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Can a Good Marinade Really Ward Off Cancer?


Grilling this weekend? While grilling can be an easy, healthy and fun way to cook your food, super-charred meats could pose a problem. But new research suggests a delicious marinade may be the answer to cancer-proofing your summer BBQ.

By now, you’ve probably heard about the potential link between grilled food and cancer. The main concern stems from a couple of compounds that form when meats get cooked at high temperatures. These compounds—heterocyclic amines (HCAs) and polycyclic aromatic hydrocarbons (PAHs) could cause changes in DNA, potentially increasing the risk of cancer.

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HCAs form when amino acids, creatine and other substances in meat react at high temperatures. PAHs, on the other hand, form when fat drips onto a heating element. The resulting flames contain PAHs, which adhere to the meat.

Animal and human studies have shown that HCAs and PAHs can cause cancer of the breast, colon, pancreas, prostate, and many other organs.

So that’s the bad news. The good news is that you can reduce the formation of, and your exposure to, these compounds by doing something as simple as marinating the meat prior to grilling. Marinades create a “barrier” between the meat and cancer-causing compounds. Researchers believe that this could be due to the high antioxidant content of various herbs and spices used in marinades. And from a nonscientific standpoint, marinades just make everything taste so much better!

One recent study found that the combination of white wine, garlic, ginger, thyme, rosemary and red chili powder was the most powerful HCA-reducing combination, but wine alone, nonalcoholic wine with herbs, beer with herbs, and nonalcoholic beer and wine all showed similar (albeit less potent) anti-HCA properties.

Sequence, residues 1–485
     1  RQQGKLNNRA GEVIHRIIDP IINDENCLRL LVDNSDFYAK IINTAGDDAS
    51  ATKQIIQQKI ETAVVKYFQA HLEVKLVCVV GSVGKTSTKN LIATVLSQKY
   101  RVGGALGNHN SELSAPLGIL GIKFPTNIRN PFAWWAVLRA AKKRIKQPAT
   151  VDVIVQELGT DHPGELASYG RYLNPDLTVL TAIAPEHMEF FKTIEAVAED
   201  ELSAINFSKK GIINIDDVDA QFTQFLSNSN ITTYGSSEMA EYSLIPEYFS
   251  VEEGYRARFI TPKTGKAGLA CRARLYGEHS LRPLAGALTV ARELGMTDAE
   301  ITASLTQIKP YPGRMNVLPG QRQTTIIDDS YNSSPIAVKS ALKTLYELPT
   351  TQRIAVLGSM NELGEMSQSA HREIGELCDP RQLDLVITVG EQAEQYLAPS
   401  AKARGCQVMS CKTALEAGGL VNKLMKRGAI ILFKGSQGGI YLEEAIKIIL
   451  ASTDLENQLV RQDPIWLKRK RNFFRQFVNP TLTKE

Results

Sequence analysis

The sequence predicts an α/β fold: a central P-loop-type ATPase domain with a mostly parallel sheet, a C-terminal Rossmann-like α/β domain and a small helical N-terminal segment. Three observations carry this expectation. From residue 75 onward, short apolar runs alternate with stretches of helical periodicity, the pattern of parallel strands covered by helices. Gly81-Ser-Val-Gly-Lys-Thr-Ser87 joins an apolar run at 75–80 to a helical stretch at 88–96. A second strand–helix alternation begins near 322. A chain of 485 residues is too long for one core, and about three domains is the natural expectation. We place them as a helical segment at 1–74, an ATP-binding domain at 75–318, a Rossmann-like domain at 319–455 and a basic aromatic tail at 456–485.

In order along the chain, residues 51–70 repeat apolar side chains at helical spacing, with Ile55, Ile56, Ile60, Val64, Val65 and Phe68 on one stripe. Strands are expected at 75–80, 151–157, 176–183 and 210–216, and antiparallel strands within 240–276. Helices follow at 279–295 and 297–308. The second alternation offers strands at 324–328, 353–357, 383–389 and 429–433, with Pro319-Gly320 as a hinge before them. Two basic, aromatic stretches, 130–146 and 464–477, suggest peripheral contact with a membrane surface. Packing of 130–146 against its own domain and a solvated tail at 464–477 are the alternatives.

And another study examined the effect of three different commercial marinades—Caribbean, Southwest and an herbal blend—on the HCA content of grilled steak. All three decreased HCA formation, but the Caribbean marinade was the most potent (88% reduction), followed by the herb (72%) and Southwest (57%). Researchers stated that the marinades contained considerable amounts of antioxidants, with the Caribbean marinade having the highest.

Truth is, nothing says “summertime living” more than a backyard barbeque. When most people think back on summers past, they fondly remember playing in the backyard while mom or dad stood at the grill flipping burgers and chicken. And we don’t want to give that up! So, along with marinating meat for at least 30 minutes (preferably longer), here are few key tips to decrease HCA and PAH development while grilling:

  • Reduce drippings by trimming fat off of the meat prior to grilling. Or better yet, use the leanest cuts of meat available.
  • Avoid prolonged grilling times by partially cooking the meat in the microwave or a conventional oven before throwing it on the grill. Or, cut the meat into smaller or thinner pieces before grilling.
  • Continuously flip the meat to avoid charring.
  • Keep flames at bay by placing aluminum foil on the grates, then placing the meat on the foil.

Larissa Long Larissa Long has worked in the health care communications field for more than 13 years. She co-authored a self-care book titled Taking Care, has written countless tip sheets and e-letters on health topics, and contributed several articles to Natural Solutions magazine. She also served as managing editor of three alternative health and lifestyle newsletters — Dr. Susan Lark’s Women’s Wellness Today, Dr. David Williams’ Alternatives, and Janet Luhrs’ Simple Living.
For tips, tools and strategies to address your most pressing health concerns and make a positive difference in your life, visit Peak Health Advocate.

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